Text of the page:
It destroys local ownership, initiative, and sustainability. Outside donors begin to control decision making rather than the indigenous leaders.
6—Failure to persevere.
Learn to “fail forward.” Perseverance is a crucial characteristic of every disciple-maker’s life. This is particularly true in those who’ve chosen to pioneer DMMs among the least reached peoples of the world. Don’t give up and don’t give in. If what you are doing isn’t working yet, and you are prayerfully evaluating regularly, just keep going. Persevere.
God will bring it about as you refuse to give up. (Gal. 6:9)
7—Failure to multiply and train leaders.
Movements can fail due to a lack of trained leaders. By this, I don’t mean seminary graduates. I mean those who have been mentored in the field. Movements that give focused time to leadership development can sustain growth. Those that fail to prioritize this are unable to.
8—Failure to diversify giftings.
Some years ago, I read that a characteristic of movements is that they have a charismatic leader. I’ve seen this to be true. Movements that are sustained, however, do not depend on one apostolic leader. It is not easy for powerful leaders to move into the background. Many fail to release control and authority. They love being in the limelight, getting the glory for the growth happening. Many enjoy the perks of being flown around the world to speak or attend conferences and share about the multiplication their movement is experiencing. This is a significant danger. Charisma can get things started, but only when there is a strong team of elders and trainers who work together are movements sustained. One man shows don’t multiply.
Suffering and movements go hand in hand. It is easy though to under-estimate the spiritual warfare and traditional church opposition that is normal when a movement takes off. Many don’t adequately count that cost and grow timid or confused when this happens.
Physical persecution from both the church and the world are normal when the radical growth of God’s kingdom takes place. The Apostle Paul experienced it and so will we.
Are you willing to be misunderstood? To suffer loss and walk through pain? This is particularly hard for us Western Christians to embrace. We don’t have a theology of suffering and are plagued with prosperity teachings. That may be true of some African churches as well.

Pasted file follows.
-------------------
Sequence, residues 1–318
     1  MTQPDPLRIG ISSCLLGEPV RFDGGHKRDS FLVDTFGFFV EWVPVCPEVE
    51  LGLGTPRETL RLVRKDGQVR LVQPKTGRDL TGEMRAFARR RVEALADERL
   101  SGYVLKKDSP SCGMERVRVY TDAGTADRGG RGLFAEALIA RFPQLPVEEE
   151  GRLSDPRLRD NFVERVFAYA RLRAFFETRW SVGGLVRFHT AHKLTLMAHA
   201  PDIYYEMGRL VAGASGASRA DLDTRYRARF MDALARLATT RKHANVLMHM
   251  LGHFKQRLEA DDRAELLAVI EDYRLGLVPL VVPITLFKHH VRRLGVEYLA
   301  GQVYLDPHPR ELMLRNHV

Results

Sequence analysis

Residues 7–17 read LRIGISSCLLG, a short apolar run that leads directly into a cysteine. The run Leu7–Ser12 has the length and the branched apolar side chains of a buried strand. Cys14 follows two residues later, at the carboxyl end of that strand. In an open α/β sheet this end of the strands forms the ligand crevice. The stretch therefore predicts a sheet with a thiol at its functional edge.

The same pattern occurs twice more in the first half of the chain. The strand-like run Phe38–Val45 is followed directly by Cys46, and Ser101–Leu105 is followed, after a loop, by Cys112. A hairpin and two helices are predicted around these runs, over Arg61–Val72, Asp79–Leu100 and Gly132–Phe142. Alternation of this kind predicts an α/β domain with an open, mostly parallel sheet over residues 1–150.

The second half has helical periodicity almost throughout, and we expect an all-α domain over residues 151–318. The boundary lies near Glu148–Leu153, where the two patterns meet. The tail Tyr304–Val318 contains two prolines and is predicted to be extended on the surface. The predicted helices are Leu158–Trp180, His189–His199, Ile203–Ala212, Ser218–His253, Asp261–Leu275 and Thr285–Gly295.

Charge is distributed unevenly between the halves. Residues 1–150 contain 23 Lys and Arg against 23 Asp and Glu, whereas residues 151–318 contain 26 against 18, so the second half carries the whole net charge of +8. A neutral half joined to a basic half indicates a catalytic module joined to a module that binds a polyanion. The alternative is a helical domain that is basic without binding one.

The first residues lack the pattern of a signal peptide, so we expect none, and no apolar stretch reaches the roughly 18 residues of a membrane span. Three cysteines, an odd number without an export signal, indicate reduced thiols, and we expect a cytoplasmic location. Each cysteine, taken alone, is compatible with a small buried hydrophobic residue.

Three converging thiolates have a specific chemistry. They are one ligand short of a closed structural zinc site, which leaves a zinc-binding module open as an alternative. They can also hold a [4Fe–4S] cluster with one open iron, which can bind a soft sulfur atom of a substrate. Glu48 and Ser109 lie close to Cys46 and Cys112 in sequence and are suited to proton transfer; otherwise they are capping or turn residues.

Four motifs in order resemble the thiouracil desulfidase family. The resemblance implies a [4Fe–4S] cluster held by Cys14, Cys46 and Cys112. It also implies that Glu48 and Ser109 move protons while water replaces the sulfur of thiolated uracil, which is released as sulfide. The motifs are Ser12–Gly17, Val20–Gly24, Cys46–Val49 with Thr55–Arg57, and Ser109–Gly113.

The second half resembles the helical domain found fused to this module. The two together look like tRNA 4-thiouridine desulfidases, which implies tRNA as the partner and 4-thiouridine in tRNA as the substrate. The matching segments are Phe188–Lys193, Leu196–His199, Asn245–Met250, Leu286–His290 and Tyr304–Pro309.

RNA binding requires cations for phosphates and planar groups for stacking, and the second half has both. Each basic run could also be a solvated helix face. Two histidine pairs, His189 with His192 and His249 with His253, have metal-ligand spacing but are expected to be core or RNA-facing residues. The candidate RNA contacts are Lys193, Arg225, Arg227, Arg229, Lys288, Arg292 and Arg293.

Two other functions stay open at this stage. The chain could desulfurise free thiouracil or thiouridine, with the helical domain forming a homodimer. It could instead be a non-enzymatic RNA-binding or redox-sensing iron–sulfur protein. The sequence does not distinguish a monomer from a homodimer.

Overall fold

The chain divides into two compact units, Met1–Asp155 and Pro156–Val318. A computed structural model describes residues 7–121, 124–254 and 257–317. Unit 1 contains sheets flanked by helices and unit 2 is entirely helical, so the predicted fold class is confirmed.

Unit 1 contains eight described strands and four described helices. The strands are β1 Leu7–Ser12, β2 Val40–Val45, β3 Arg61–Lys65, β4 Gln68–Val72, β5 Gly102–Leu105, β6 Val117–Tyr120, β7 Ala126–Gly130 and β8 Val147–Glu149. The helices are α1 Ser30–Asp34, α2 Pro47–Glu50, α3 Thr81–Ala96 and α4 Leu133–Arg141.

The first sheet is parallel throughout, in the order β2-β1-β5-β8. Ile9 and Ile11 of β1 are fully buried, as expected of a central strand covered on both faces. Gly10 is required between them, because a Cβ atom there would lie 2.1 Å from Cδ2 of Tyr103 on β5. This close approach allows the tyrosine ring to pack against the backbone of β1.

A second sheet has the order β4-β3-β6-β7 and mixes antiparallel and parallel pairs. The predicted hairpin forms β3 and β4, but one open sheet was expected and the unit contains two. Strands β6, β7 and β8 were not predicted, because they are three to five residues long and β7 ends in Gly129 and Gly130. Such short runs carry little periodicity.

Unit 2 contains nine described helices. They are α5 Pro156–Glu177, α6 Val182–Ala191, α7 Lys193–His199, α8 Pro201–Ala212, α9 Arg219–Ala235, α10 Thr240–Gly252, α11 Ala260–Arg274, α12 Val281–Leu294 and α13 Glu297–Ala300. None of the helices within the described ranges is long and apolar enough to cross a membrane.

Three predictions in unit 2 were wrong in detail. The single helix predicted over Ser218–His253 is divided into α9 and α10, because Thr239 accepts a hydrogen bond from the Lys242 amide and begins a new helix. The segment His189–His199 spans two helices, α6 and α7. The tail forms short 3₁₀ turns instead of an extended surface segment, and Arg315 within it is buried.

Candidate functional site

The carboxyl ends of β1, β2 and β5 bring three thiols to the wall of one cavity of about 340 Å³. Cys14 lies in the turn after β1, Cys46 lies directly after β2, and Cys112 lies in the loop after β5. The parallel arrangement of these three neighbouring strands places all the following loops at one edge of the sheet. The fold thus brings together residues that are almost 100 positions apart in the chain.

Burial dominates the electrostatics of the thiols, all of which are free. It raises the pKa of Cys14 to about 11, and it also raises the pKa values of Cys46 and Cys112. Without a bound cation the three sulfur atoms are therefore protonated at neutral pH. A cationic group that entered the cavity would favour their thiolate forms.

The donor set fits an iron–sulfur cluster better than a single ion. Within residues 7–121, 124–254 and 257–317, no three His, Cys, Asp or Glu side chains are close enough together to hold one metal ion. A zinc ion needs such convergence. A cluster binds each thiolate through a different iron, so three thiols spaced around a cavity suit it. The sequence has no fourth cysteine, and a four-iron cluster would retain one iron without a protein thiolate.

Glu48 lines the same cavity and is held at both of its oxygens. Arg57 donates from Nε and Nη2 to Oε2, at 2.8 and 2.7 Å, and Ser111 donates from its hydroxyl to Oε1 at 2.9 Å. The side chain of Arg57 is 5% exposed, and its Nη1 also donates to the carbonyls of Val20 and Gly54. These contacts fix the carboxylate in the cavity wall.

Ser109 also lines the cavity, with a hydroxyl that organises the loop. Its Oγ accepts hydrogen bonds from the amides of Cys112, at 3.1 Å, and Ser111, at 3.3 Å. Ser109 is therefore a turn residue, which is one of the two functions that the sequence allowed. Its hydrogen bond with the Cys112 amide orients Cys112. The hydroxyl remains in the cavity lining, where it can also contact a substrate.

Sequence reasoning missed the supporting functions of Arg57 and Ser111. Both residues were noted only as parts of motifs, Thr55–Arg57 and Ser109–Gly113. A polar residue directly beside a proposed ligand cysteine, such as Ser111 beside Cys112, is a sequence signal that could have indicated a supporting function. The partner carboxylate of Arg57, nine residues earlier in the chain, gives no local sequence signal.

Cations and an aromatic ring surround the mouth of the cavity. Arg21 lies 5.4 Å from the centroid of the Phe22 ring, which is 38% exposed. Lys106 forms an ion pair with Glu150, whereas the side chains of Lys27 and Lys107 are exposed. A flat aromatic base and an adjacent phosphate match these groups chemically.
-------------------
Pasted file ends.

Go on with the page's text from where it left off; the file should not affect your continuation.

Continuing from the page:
Financial hardship, spiritual attack, sickness and threats are going to water the growth of the movement. As Paul said to Timothy, “Endure hardship as a good soldier of Christ.” (2 Tim. 2:3-4)
10—Failure to Quickly learn from our mishaps.
Entrepreneurs know that if you want to start a successful business you have to be willing to try a few ideas and fail. Fifty percent of small business attempts fail within the first five years.1 It’s not that different when church planting or attempting to start a multiplying movement. I’ve said it before but will say it again. Make failure your friend and don’t let it get you down. Learn from it. Expect it. Make changes and adjustments and try again. Roy Moran in his excellent book “Spent Matches” talks about failing quickly. I agree with him. Don’t waste time moping around or condemning yourself. Failure is a success if you’ve learned from it.
All Heaven Will Dance
The above list is not exhaustive, but ten is enough to think about. No matter what you do, you can’t avoid some mistakes on this DMM journey. Almost no one gets to the top on their first try. The great news is that God is cheering for you, laughing with you and helping you have the strength to go after it yet again. Enjoy the slippery slope and celebrate grandly when by some good luck and God’s sovereign grace you reach the top. All Heaven will dance as thousands come into the Kingdom…when you multiply disciples effectively among the least, last and lost.